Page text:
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High Diplomatic Posts to Open for Civilians
Civilians to Replace Top Defence Positions
S. Korean Foreign Minister Ban Ki-Moon speaking to reporters

Civilians will be able to apply officially for high-profile diplomatic positions including ambassadors and consular-generals in a new recruiting system soon to be in effect.

Many of the 129 major diplomatic posts including ambassadors and consular-generals will be filled with not by career diplomats but by civilians as South Korean government goes ahead with its new plan for recruiting higher-level diplomats.

According to the new plan, about 30 percent of all high-profile diplomatic posts for overseas service will be allocated for civilians in the form of open-hiring system. The new plan was recently agreed between a government reform committee and the Ministry of Foreign Affairs and Trade.

The new scheme will be officially reported to President Roh Moo-Hyun for an approval. Once the government reform committee considered a plan to recruit all 129 posts through the open-hiring system, according to a government source.

All the specifics on the new recruiting system for the top diplomat positions will be decided later.

Another government source said that the posts for large diplomatic missions instead of smaller ones will be recruited by the new system. Competitions will be unavoidable between career diplomats and civilians for the posts.

All the high level defence positions within Defence Department will also be replaced with civilians by 2006, according to a new plan recently released by Defence Department.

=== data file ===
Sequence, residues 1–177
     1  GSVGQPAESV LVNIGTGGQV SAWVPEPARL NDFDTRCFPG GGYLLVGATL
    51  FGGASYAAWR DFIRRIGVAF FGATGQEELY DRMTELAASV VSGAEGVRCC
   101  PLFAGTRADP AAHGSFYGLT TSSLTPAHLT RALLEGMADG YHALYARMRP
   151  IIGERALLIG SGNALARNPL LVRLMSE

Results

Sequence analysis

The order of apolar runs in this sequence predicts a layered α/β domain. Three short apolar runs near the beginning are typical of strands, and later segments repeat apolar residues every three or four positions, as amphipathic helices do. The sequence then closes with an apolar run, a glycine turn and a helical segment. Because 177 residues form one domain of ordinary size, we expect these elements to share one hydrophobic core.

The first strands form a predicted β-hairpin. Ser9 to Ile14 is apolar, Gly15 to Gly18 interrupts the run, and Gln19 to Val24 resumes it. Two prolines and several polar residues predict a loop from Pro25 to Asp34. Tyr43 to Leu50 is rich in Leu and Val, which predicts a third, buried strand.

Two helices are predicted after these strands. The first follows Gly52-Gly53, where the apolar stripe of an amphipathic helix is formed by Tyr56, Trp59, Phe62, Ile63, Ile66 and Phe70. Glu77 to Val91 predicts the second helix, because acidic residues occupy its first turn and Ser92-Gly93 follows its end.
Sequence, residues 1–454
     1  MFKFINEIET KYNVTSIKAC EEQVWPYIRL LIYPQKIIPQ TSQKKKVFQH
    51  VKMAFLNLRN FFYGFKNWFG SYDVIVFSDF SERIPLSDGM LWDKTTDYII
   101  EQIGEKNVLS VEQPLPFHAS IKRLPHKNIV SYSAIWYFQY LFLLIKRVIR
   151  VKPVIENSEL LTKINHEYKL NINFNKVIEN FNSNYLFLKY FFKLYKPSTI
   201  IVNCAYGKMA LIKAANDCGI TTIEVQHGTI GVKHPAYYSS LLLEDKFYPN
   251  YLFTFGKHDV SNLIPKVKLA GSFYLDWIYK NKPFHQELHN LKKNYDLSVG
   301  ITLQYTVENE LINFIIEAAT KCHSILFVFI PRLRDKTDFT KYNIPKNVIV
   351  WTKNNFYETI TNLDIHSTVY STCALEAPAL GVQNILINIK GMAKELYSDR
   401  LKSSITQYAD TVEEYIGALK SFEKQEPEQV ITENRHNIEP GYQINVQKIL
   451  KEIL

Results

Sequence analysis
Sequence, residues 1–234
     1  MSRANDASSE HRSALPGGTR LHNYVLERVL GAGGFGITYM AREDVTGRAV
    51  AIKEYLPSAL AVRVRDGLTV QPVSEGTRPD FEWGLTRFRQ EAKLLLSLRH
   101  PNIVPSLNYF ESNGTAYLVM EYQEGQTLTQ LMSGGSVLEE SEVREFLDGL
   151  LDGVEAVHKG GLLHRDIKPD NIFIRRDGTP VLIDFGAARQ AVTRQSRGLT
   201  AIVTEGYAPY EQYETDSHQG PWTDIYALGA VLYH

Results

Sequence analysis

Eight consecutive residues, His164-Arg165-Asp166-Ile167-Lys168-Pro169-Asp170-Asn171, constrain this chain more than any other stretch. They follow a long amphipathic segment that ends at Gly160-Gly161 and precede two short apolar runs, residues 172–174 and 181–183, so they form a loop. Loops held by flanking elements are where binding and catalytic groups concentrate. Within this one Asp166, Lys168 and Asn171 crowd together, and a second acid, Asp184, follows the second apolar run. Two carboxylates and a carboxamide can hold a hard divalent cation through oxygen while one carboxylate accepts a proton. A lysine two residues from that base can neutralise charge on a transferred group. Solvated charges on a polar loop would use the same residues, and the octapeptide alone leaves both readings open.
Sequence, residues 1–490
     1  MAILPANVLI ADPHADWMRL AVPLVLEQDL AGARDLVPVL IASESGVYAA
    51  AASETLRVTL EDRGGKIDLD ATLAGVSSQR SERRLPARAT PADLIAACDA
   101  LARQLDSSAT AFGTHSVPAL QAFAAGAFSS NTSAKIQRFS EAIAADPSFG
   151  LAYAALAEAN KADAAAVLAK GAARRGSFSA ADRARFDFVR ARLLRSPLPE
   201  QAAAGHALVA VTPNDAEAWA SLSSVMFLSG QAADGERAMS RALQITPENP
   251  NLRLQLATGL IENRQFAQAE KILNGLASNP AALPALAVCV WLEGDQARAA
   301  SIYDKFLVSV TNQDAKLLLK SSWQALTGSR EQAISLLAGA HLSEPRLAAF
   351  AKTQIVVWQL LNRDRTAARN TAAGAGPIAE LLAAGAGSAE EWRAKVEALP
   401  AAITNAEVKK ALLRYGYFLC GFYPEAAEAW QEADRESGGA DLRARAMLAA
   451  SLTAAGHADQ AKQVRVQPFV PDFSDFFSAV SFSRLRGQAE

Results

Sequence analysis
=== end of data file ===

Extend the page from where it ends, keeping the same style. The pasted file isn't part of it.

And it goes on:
New defence chief
New Defence Minister Yoon Gwang-woong is saluting in his inauguration ceremony held on July 29, 2004 ath Defence Department building in Yongsan. Yoon went through the same high school with President Roh Moo-hyun who appointed Yoon as the new defence chief.

Particularly, top military posts higher than major generals will all be filled with civilian experts on military affairs.

The new "revolutionary" military personnel plan to replace career high brasses with civilian experts is facing strong opposition from parts of the military circle.

The newly appointed Defence Minister Yoon Gwang-woong expressed his firm belief that the military should be under civilian control on July 30, 2004, the day of his inauguration as the top defence official.

The defence personnel reform plan is aimed at reforming the "old practices" in which each of Army, Navy, and Air Force adheres to their "inalienable" share of military budget.




 

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